Basso writes about “lived rela­tion­ships” with the geog­ra­phy. These rela­tion­ships are vivid and dis­tinct and beyond count­ing, and they occur when­ev­er a place becomes the object of aware­ness. Most of these encoun­ters are brief, like, “Oh that rock looks sort of like a face,” but occa­sion­al­ly the aware­ness is arrest­ed and the place that arrests becomes the site of “spon­ta­neous reflec­tion” and “resid­ing sen­ti­ment.” One is removed, or removes one­self, from the flow of the every­day and active­ly attends to the place in which one resides. This can take many forms; per­haps the above rock sud­den­ly reminds of my grand­moth­er’s face, and I am remind­ed that time moves so swift­ly, that things pass away, but that mem­o­ry lingers. Perhaps the next time I come to that rock, I think those same thoughts; it’s as though the mean­ing lives in the rock via lived expe­ri­ence. But of course, what is real­ly occur­ring is that the rock is pro­vid­ing an avenue through which the self might reflect back on the self; it offers a spa­tial frame­work to under­stand bound­less notions of time, of being and not-being, and of the death of self.

Spatial real­i­ties can serve as a mir­ror that reflects one­self, or one’s for­mer self, or even who one might become. Sartre, who also wrote of this phe­nom­e­non, noted that “At each moment per­cep­tion over­flows and sus­tains [the affec­tive state of atten­tion aimed at objects], and its den­si­ty and depth come from its being con­fused with the per­ceived object. Each qual­i­ty is so deeply incor­po­rat­ed in the object that it is impos­si­ble to dis­tin­guish what is felt and what is per­ceived.” The “voice” of a place, then, which imparts its mean­ing, should not be under­stood as being con­tained with­in the object; the voice is always our own, speak­ing silent­ly to our­selves. In this way, a fresh or famil­iar loca­tion might become mean­ing­ful, cer­tain­ly more than a sim­ple point in space; Basso writes, “as nat­ur­al reflec­tors that return aware­ness to the source from which it springs, places […] pro­vide points from which to look out on life, to grasp one’s posi­tion in the order of things, to con­tem­plate events from some­where in par­tic­u­lar.” Places are one of the vocab­u­lar­ies we can use to “speak” to our­selves. Because this phe­nom­e­non ulti­mate­ly resides in our own selves, dig­i­tal geog­ra­phy can be just as mean­ing­ful as phys­i­cal geog­ra­phy.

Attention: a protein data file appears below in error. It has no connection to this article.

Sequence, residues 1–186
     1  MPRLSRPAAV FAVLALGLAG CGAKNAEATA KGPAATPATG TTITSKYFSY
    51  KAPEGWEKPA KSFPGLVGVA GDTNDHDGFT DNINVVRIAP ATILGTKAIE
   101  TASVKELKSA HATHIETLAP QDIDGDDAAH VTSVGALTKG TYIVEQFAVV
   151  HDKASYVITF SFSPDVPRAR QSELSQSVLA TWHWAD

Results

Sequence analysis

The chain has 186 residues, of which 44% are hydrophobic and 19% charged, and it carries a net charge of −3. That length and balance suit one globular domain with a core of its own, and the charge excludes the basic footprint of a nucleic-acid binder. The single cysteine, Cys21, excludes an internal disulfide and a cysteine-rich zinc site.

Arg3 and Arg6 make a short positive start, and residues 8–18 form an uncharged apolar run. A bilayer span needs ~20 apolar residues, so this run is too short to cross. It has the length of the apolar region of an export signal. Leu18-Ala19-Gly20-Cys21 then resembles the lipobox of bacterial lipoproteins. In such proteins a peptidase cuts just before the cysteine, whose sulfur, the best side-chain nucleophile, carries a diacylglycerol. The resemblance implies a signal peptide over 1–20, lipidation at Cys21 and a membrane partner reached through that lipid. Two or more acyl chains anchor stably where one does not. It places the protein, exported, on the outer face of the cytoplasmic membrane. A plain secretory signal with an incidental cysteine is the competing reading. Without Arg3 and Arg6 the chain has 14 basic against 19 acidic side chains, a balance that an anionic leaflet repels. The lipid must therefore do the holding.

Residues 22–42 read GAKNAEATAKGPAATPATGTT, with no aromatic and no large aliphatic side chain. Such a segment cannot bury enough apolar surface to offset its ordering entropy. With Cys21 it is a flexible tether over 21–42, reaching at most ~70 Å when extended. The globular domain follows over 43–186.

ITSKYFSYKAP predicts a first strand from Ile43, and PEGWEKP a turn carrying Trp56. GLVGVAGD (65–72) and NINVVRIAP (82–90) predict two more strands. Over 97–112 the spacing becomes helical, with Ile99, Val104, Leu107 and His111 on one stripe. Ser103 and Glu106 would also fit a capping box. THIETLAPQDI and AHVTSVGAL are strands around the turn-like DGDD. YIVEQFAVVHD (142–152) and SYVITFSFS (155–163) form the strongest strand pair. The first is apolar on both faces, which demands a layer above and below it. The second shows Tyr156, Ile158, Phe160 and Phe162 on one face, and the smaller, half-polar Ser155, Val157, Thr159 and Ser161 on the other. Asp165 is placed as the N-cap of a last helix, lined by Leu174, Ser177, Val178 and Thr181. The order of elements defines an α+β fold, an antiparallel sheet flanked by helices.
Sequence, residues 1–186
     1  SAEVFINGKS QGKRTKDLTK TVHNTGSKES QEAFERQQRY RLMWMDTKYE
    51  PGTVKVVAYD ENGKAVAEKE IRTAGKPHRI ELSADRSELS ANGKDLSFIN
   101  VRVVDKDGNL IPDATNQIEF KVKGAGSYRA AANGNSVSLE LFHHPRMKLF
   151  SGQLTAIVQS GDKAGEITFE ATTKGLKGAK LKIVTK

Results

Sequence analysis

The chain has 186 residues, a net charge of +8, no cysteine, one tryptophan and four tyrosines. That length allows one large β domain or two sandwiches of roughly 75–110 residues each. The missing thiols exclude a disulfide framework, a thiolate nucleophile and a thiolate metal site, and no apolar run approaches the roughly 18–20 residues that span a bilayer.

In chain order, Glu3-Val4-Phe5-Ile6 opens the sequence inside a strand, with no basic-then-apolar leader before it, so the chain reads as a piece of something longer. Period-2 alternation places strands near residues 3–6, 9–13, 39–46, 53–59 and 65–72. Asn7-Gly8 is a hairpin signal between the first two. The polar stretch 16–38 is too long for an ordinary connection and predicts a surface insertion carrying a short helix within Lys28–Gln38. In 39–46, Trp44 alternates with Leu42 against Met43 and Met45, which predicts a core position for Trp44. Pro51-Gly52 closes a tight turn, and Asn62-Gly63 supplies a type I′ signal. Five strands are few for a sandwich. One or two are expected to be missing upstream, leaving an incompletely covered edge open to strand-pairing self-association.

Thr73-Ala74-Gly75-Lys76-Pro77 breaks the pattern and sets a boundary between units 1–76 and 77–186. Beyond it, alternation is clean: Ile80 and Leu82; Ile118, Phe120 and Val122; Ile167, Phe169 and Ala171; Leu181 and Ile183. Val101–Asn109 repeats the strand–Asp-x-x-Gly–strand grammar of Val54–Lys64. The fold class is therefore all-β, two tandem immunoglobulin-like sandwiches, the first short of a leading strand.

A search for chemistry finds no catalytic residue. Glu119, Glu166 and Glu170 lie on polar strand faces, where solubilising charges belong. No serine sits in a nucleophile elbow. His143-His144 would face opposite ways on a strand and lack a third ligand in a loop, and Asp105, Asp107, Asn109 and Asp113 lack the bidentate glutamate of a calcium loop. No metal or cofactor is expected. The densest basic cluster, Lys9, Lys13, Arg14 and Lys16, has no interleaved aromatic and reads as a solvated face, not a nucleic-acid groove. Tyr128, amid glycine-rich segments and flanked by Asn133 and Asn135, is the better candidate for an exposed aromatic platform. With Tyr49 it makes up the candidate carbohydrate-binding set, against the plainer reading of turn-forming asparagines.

Land and Us

Yet Basso insists that the most intense expe­ri­ences of place are com­mu­nal. Relationships to places are lived most often in the com­pa­ny of other peo­ple; when we speak of a loca­tion, emote of its impor­tance, then we are pre­sent­ing cul­tur­al­ly medi­at­ed images of where, how, and why we dwell. Given the ori­gins of this sense of place, when­ev­er we express our sense of place we inevitably express an under­stand­ing of whom and what we are. This might occur in the man­ner of sto­ries, but even nam­ing a place is a social act of meaning-making. Naming a place defines it; it implies bound­aries, whether they are nat­ur­al (water sep­a­rat­ing land-masses) or arti­fi­cial (state bound­aries, in many cases, or hous­es), and names are social, language-bound – they are gen­er­at­ed to define some­thing not just for the self, but in order to express that def­i­n­i­tion to oth­ers. By push­ing such def­i­n­i­tions from the pri­vate sphere into the pub­lic, greater mean­ing is achieved.